Having described a general framework of operation of message interchange network 150, an example message sequence is provided to illustrate the concepts described above. In the example message sequence illustrated in FIG. 4, a message is routed from sender 402 to recipient 404. During this message routing, the message is also passed through in-transit services 406, 408, 410, and 412. The specific operation of services 406, 408, 410, and 412 will become apparent through the description of the message operation sequence.

In the illustrated example, sending service 402 represents a business named MyBiz.com. MyBiz.com desires to send a purchase order to The Acme Company, which operates as recipient service 404. Before being delivered to The Acme Company, the purchase order message is sequentially routed by message interchange network 150 through Transmatics (XSLT) service 406, XpandiCo service 408, Transmatics (replaceElement) service 410, and KeepEmOut.com service 412.

In general, services 406, 408, 410, 412 are operative to perform transformations, enrichment, and filtering functions on the purchase order message. In the present example, Transmatics (XSLT) service 406 is operative to transform address data in the message body, Xpandico service 408 is operative to augment a zip-code address, Transmatics (replaceElements) service 410 is operative to relate sets of values from disparate data sources, and KeepEmOut.com service 412 is operative to filter messages for The Acme Company.

As noted, services 406, 408, 410, 412 can be added to a routing list based upon routing scripts that are created for one or more of sending service 402, recipient service 404, or in-transit services 406, 408, 410, 412. In the present example, services 406, 408, and 410 are added to the route list in accordance with routing scripts defined for sending service 402, while service 412 is added to the route list in accordance with routing scripts defined for recipient service 404. An example embodiment of the message sequence between services in the routing list is now provided.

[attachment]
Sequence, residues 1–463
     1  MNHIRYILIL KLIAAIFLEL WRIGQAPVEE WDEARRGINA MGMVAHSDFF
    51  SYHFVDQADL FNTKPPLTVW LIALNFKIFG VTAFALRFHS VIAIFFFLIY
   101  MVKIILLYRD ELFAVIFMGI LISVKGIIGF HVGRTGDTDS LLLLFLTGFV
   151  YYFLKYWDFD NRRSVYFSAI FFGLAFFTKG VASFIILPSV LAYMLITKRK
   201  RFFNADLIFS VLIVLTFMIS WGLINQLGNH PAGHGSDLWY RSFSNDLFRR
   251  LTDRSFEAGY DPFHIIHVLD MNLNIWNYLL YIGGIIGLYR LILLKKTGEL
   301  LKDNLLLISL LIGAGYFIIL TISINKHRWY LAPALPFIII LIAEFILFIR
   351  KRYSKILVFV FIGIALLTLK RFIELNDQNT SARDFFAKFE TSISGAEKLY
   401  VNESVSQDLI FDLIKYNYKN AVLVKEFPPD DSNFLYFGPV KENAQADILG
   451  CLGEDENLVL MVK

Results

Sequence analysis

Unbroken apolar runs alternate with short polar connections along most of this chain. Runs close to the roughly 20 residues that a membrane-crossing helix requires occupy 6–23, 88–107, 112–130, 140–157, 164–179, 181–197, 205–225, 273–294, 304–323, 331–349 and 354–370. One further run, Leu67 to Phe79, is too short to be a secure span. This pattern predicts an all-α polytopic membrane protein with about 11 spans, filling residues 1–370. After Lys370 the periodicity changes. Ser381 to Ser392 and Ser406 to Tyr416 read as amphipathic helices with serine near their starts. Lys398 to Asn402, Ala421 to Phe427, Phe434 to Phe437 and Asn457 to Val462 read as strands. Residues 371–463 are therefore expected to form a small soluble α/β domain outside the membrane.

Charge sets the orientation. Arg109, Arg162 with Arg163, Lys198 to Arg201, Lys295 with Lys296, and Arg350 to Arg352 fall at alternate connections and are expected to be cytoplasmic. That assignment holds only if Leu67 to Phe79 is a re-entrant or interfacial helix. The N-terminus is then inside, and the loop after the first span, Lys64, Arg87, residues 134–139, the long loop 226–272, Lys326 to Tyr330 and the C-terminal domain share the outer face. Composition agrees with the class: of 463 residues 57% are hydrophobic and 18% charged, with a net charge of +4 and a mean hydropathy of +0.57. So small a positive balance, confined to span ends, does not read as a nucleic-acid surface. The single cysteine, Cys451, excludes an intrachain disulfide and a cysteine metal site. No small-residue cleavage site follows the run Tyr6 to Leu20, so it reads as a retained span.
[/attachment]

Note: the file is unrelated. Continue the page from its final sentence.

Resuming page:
As noted, in one embodiment, a message includes a header element, a body element and/or attachments. In general, the header element includes the basic delivery information for the message, and the body element/attachments includes the document(s) the sender is sending to the recipient. As would be appreciated, further message elements can be defined. For example, in another embodiment, a message would include header, body, routing, and route trace elements. Here, the routing element includes a listing of a sequence of services that should operate on the message prior to delivery to the recipient, and the route trace element includes the routing history information.

Appendix B.1 illustrates an example of a message that is posted by MyBiz.com to message interchange network 150. As illustrated, the message includes a header element at lines 4-17 and a body element at lines 18-28.

The header element at lines 4-17 includes elements To, From, and Expiration. To element also includes two Service elements, one of which includes the element Arguments. As illustrated, one of the Service elements identifies the recipient service “TheAcmeCompany/Supply,” the service that is representative of recipient 404 in FIG. 4. The element Arguments provides parameters that further specify what the “TheAcmeCompany/Supply” service is to perform (Le., ProcessPurchaseOrder).

As illustrated, at line 14, the From element includes a service identifier for MyBiz.com (i.e., “386b4520f489c217”). Finally, at line 16, the Expiration element specifies a time by which the message should complete its routing.

The body element of the message is located at lines 18-28. In this message element, the purchase order data is included at lines 21-25. As will be described below, the purchase order data can be transformed and enriched by services in the routing list.

As noted, the sender can specify an explicit sequence of services that should operate on the message. The sender can also implicitly include services in the routing list for a message through the specification of routing scripts associated with the defining service. In the example message of Appendix B.1, no services are explicitly identified in the message. Rather, the services are included based on routing scripts that are defined by the various services. In the present example, the routing list includes, in order, Transmatics (XSLT) service 406, XpandiCo service 408, Transmatics (replaceElement) service 410, and KeepEmOut.com service 412.

The first service on the routing list is the Transmatics (XSL T) service 406. In the present example, service 406 is included in the routing list based upon a routing script defined for sender 402. Transmatics (XSL T) service 406 is a transformation service that uses the Extensible Stylesheet Language Transformations (XSLT) language.

Generally, XSLT is a language for transforming XML documents into other XML documents. XSLT is designed for use as part of the XSL, which is a stylesheet language for XML. In addition to XSLT, XSL includes an XML vocabulary for specifying formatting. XSL specifies the styling of an XML document by using XSLT to describe how the document is transformed into another XML document that uses the formatting vocabulary.